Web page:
Fear dozens of borstal boys murdered as bodies found
Human remains have been found buried in the grounds of a notorious former borstal in Florida amid fears that dozens of pupils were secretly killed there more than 50 years ago.
The skeletons of two youths were discovered during an excavation this week at the Arthur G Dozier School for Boys in Marianna, near the border with Alabama, which closed in 2011.
Radar searches have indicated that as many as 50 graves are located in one area near the dreaded school for young offenders, where former pupils say boys were beaten, raped and tortured by staff.
Robert Straley, who attended for 10 months after stealing a car at 13, estimates that more than 100 boys were killed over the decades.
"The school opened in 1900 and the very ground it sets on is soaked in their blood," he said.
Mr Straley, now 63, recalled feeling that his "spine was going to crack" when he was regularly abused by two men, who would visit him as he slept and drag him to a basement.
Most of those who disappeared are believed to have been black youths, whose families had no way of finding out what happened to them, during racial segregation in the South of the US.
Erin Kimmerle, an anthropologist from the University of South Florida, who led the excavation, said the two youths whose remains had been recovered so far were probably aged between 10 and 13.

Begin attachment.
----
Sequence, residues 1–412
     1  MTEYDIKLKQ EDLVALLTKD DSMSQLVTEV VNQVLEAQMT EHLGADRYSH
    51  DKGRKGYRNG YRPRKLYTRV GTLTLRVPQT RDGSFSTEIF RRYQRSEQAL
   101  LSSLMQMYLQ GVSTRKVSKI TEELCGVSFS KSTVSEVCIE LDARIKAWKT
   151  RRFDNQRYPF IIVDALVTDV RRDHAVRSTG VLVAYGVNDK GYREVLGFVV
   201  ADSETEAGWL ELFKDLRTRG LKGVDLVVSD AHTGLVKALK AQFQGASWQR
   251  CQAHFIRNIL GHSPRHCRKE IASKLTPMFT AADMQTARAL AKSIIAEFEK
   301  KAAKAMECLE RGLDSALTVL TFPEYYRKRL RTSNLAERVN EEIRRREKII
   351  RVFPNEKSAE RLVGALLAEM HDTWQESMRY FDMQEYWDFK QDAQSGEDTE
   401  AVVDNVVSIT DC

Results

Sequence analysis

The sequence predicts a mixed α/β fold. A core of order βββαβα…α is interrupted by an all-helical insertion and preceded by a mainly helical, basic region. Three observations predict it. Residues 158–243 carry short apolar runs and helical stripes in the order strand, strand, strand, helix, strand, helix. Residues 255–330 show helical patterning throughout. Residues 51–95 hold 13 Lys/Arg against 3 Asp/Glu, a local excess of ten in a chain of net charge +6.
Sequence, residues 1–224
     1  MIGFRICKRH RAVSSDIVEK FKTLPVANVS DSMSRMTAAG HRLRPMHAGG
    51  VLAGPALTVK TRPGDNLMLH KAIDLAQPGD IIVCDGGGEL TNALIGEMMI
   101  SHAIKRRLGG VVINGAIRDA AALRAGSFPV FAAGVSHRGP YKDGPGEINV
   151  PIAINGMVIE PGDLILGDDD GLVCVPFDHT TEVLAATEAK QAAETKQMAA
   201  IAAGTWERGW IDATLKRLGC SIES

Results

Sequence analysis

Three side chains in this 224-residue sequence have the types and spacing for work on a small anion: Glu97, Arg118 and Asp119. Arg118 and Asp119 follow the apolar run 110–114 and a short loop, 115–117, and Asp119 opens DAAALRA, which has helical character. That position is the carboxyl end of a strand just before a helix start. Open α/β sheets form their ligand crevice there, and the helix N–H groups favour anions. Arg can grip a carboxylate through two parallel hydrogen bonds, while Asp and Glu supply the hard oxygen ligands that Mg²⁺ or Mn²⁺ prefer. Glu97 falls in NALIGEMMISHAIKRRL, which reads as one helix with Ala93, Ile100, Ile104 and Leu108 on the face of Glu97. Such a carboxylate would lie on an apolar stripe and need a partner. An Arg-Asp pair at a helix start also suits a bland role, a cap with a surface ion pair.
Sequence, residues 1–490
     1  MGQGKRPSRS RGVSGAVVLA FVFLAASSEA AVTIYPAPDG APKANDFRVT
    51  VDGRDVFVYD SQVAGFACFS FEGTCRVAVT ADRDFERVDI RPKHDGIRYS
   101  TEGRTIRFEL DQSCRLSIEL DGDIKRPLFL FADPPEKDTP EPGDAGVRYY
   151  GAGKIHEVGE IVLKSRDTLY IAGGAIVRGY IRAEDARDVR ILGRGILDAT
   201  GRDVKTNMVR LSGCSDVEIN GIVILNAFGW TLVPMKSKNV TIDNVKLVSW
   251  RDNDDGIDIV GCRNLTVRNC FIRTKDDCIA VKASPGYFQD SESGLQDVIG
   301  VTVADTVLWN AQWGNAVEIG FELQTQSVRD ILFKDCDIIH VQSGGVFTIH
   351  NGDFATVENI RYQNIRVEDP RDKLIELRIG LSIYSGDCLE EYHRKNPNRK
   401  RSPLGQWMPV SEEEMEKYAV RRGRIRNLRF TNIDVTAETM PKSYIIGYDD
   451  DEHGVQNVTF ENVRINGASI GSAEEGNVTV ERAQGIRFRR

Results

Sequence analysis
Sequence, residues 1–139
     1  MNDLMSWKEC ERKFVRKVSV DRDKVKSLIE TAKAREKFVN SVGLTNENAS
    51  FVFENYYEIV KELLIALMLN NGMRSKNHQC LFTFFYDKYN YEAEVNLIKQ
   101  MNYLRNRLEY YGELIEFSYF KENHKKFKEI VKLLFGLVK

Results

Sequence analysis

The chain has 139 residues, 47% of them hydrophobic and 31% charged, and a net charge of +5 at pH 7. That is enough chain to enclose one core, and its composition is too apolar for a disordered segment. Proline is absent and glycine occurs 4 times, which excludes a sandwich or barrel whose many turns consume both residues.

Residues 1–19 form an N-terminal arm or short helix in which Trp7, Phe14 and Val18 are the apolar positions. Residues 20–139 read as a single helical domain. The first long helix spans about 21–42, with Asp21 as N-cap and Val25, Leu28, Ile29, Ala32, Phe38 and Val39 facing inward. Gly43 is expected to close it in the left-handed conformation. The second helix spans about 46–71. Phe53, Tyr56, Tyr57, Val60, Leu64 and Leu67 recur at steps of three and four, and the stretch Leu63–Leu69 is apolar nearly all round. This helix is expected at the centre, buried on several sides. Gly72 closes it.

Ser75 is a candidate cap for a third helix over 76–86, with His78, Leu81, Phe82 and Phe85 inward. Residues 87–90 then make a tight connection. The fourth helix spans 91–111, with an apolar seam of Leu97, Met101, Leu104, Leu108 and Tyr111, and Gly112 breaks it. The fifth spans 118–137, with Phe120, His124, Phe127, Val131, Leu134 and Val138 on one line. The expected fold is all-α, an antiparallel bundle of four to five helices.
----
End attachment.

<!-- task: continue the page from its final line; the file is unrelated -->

The family of one former pupil, Owen Smith, said they were told by the school he died of pneumonia after crawling under a building to stay warm.
However, a friend said that Owen tried to run away and was shot. Owen's sister Ovell, now 84, told CNN: "I believe to this day that they shot my brother that night, and I think they probably killed him and brought him back to the school and buried him."
Florida authorities began looking into the allegations of abuse in 2008, after a group of former pupils were reunited and lobbied for an inquiry.
A report in 2009 accounted for 31 boys buried around the school. However, it did not explain what happened to dozens of other pupils believed to have died there, whose bodies have not been found.
Elmore Bryant, a leader of the National Association for the Advancement of Coloured People (NAACP), who lives in Marianna, said: "They were poor kids and a lot of times, people never came to visit them.
"Even when they were dismissed, they got home, their family had moved. So, who was going to pay attention if something happened to them while they was at Dozier?"
Wansley Walters, Florida Department of Juvenile Justice secretary, pledged to get to the bottom of the case. "What we have now is an opportunity to really get down to the truth."
Troy Tidwell, a one-armed former staff member at the school accused of abuse by several pupils, denied anyone was ever beaten or murdered.
Police and prosecutors said they did not expect anyone to be held legally accountable for deaths at the school.
"The mission is really for the families," said Ms Kimmerle. "That's why we're here." (© Daily Telegraph, London)